As Netanyahu vows to continue Israel’s assault on Gaza, we turn now to the first Israeli to refuse mandatory military service since Israel’s offensive began over three months ago. Tal Mitnick is an 18-year-old conscientious objector in Israel. Last month, he announced he would refuse military service, saying, quote, “I refuse to take part in a war of revenge.” He was sentenced to 30 days in a military prison, was just released yesterday morning. Tal Mitnick is joining us now from a studio in Tel Aviv.
Tal, welcome to Democracy Now! Can you talk about why you are refusing?
TAL MITNICK: Thank you for having me on.
I am refusing because, like I said, I refuse to take part in this revenge war. I’m refusing because I want to make a statement about how we need to conduct ourselves in this land. I feel like there’s too much violence here. There’s too much revenge and talk about this side or that side. And we need to talk about how we need to go forward in a future of coexistence, where both Israelis and Palestinians can live together and live with security and peace.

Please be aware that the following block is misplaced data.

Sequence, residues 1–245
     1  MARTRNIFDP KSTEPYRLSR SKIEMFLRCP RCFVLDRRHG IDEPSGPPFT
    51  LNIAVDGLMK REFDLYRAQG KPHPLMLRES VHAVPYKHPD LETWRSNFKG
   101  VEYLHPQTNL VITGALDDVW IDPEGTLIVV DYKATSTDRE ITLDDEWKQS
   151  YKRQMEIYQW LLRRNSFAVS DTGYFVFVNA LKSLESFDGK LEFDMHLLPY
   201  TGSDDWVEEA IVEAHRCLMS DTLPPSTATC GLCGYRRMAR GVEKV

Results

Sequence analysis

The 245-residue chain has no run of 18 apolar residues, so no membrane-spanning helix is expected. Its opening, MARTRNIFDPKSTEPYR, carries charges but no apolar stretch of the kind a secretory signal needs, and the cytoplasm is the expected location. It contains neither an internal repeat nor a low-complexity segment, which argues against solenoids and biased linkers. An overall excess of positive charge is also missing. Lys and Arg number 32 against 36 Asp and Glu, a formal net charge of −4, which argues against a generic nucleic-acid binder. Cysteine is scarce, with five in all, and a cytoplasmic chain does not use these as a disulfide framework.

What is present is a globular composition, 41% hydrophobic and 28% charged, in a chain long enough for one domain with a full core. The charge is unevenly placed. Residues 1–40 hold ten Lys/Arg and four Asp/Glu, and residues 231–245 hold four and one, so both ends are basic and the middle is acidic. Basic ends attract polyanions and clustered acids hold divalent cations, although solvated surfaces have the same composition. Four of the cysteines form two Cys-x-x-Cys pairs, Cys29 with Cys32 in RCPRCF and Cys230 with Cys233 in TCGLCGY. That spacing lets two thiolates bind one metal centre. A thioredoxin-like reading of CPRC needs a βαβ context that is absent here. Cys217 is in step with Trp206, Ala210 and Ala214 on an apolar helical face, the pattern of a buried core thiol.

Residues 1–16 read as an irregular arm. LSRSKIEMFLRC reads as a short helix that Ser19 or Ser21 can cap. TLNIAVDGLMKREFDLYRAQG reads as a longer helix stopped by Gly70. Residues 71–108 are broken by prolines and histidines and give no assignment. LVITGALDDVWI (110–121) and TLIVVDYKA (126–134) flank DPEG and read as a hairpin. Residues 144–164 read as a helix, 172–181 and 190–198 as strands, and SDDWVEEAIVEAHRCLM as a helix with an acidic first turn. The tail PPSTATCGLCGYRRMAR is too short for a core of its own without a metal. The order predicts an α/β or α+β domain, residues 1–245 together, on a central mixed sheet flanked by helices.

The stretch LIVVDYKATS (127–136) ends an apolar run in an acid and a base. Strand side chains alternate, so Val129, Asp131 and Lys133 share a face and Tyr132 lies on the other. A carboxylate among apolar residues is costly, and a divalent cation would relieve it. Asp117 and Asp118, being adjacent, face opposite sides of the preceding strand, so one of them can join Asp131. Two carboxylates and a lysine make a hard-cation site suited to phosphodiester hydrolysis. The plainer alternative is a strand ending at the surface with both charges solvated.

AMY GOODMAN: So, talk about what exactly this means. How did you make this known? Talk about where you served time in prison. And is this just a brief period of days before you’re sent back to prison?
TAL MITNICK: Yes. I got sentenced for 30 days for my first sentencing, and I got another draft order for Monday morning, which means I have to get drafted on Monday morning, where I will go and refuse service once again and probably get sentenced again. And this will happen over and over until someone gives up, until the army gives me an exemption.
AMY GOODMAN: So, talk about the response of your friends, your family. And I was also just wondering — you’re an Israeli, but you have an American accent. Are you American, as well?
TAL MITNICK: My parents immigrated from the U.S., and we spoke English at home. But I’m Israeli and American, yes.
AMY GOODMAN: So —
TAL MITNICK: The friends and family response — yes?